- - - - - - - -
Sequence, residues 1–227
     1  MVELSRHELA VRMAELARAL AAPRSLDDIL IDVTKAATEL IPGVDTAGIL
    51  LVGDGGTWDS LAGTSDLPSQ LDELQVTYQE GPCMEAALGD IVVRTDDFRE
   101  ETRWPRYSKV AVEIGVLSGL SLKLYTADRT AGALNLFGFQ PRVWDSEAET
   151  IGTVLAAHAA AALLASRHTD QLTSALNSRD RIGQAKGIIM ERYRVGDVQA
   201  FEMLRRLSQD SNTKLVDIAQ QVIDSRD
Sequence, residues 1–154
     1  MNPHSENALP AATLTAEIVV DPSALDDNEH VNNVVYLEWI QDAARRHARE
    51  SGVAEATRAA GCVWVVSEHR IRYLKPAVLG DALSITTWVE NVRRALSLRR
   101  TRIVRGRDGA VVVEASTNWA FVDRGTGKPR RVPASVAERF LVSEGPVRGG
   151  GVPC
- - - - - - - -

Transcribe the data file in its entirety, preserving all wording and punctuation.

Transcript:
Sequence, residues 1–227
     1  MVELSRHELA VRMAELARAL AAPRSLDDIL IDVTKAATEL IPGVDTAGIL
    51  LVGDGGTWDS LAGTSDLPSQ LDELQVTYQE GPCMEAALGD IVVRTDDFRE
   101  ETRWPRYSKV AVEIGVLSGL SLKLYTADRT AGALNLFGFQ PRVWDSEAET
   151  IGTVLAAHAA AALLASRHTD QLTSALNSRD RIGQAKGIIM ERYRVGDVQA
   201  FEMLRRLSQD SNTKLVDIAQ QVIDSRD
Sequence, residues 1–154
     1  MNPHSENALP AATLTAEIVV DPSALDDNEH VNNVVYLEWI QDAARRHARE
    51  SGVAEATRAA GCVWVVSEHR IRYLKPAVLG DALSITTWVE NVRRALSLRR
   101  TRIVRGRDGA VVVEASTNWA FVDRGTGKPR RVPASVAERF LVSEGPVRGG
   151  GVPC